Kirby hits back with a Cactus clothesline to take both men to the floor, which just allowed Kirby to brawl with the Scotsman up onto the stage… but his search for a Sable Bomb’s stopped as the referee continued his count, and Kirby’s unable to return to the ring to beat the count. That drew a “you f’d up” chant from one guy in the crowd, which is certainly one way to view Kirby’s game plan! An unsatisfactory finish, but at least the match was decent… except Joe Hendry wants a winner, so the match restarts.
So Steve Lynskey restarts the contest, as the pair trade shots in the ring. Kirby’s gamengiri on the apron knocks Hendry down, ahead of a flying back elbow that almost put the Scotsman away… and you sensed the crowd were perhaps starting to turn on Kirby a little here. Kirby’s corner charge is stopped as Hendry charges in with a clothesline, taking the Yorkshireman into the corner for some uppercuts as the match descended into a brawl… which led to Kirby shoving the referee for the cheap DQ. Hey, they found a slightly worse finish, as Hendry was awarded the win… and the crowd cheer that. Hang on, did they just pull off a double turn? Yes… yes they did. I just wish they didn’t have to do the “restart the match” stuff to help turn Hendry here. ***¼
Post-match, Kirby takes the microphone and rants at how Joe Hendry was given benefit of the doubt – and he has a point. Both men shoved the ref, but only Kirby was instantly DQ’d… Kirby’s promo has more than a whiff of Bret Hart’s 1997 promo (from when they were tearing down the cage on Raw), complete with all of the colourful language he can’t use on ITV. He pointed out that he was the only person who wore pink and black here once upon a time, but now “every flavour of the month” is doing it. I think that means we’re getting Martin Kirby vs. El Phantasmo… and I’m more than okay with that! But first, Kirby wants to finish off Hendry with a no DQ, no count-out, no bullshit outing. Marius al-Ani to run in, then?
So, after that awkwardness, we’re into our main event… but first, Primate’s chewing out Lana. He suspends her again for her actions, but Bea Priestley runs in and squares off. Bea doesn’t want her suspended, instead wanting a match… which she gets for Sheffield.
Defiant Internet Championship: Will Ospreay vs. WALTER (c)
Ospreay won this title shot at Built to Destroy back in June, and it leads to this mouth-watering first-time outing!
Naturally, Ospreay’s the fan-favourite in this David vs. Goliath outing (and yes, this is a regular thing for WALTER these days), and we start with WALTER easily picking up and placing Ospreay on the apron. Next up was an easy takedown by the arm for WALTER, then a trip to the corner as Ospreay was forced to duck an early chop. Ospreay’s got to stick and run… which he does when he hits a handspring overhead kick to take WALTER off the ropes… but a forearm quickly puts the champion back on top. A rear spin kick stops WALTER, but he’s able to out-do Ospreay with a leapfrog before his boot went through the challenger’s face. Ow.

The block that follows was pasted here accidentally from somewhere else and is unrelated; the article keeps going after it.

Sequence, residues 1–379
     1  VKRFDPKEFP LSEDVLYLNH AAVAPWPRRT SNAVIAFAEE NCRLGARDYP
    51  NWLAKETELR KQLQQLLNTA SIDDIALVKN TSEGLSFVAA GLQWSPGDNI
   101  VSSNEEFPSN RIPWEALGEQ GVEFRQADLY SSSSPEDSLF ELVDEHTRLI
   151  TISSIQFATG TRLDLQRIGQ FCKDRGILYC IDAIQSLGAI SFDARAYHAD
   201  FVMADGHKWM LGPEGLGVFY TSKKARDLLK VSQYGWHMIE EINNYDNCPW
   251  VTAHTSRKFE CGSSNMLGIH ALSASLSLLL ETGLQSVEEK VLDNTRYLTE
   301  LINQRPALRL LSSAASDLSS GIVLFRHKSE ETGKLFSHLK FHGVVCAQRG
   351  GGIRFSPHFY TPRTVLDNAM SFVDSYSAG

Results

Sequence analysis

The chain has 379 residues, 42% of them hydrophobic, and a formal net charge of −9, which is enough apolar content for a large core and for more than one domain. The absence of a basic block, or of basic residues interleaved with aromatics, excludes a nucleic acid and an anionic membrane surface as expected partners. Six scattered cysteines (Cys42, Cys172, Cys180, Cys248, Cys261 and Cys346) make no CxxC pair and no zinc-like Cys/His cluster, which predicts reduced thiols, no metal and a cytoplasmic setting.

CHOP! Yep. The first one was as loud as you’d expect, as Ospreay’s soul looked to leave his body. He tries to kick away at WALTER from the mat, but it’s for nought as WALTER stomps on him, then easily slams him ahead of a knee drop for a solid two-count, before Will’s taken into the ropes for those crushing crossface blows. Ospreay catches one of them and manages to hit an arm breaker to free himself, as some kicks looked to have the big guy on the back foot… before WALTER was finally taken off his feet again with a low dropkick. The over-the-top 619 follows before WALTER’s met with a springboard forearm, forcing a kick-out at two as Ospreay looked to get into the match.
An enziguri takes WALTER to the outside, which plays further into Ospreay’s game as we get a tope… but it’s caught as WALTER throws another thunderous chop before dumping Will on the ring apron. More chops fire up Ospreay into throwing some of his own, before he ducks another Austrian chop as WALTER this time hits the ring post as the pair went at it on the outside.
Ospreay’s offence came to a shuddering end when he was lawn-darted into the ring post, with WALTER looking to take the count-out win… but of course, Ospreay’s back to beat the count, despite being bloodied. Literally, WALTER smells blood as he stands on Ospreay’s head, before uncorking some more of those gunshot-like chops… only to move onto a powerbomb that he turned into a butterfly suplex after Ospreay thought he’d countered it into a guillotine choke.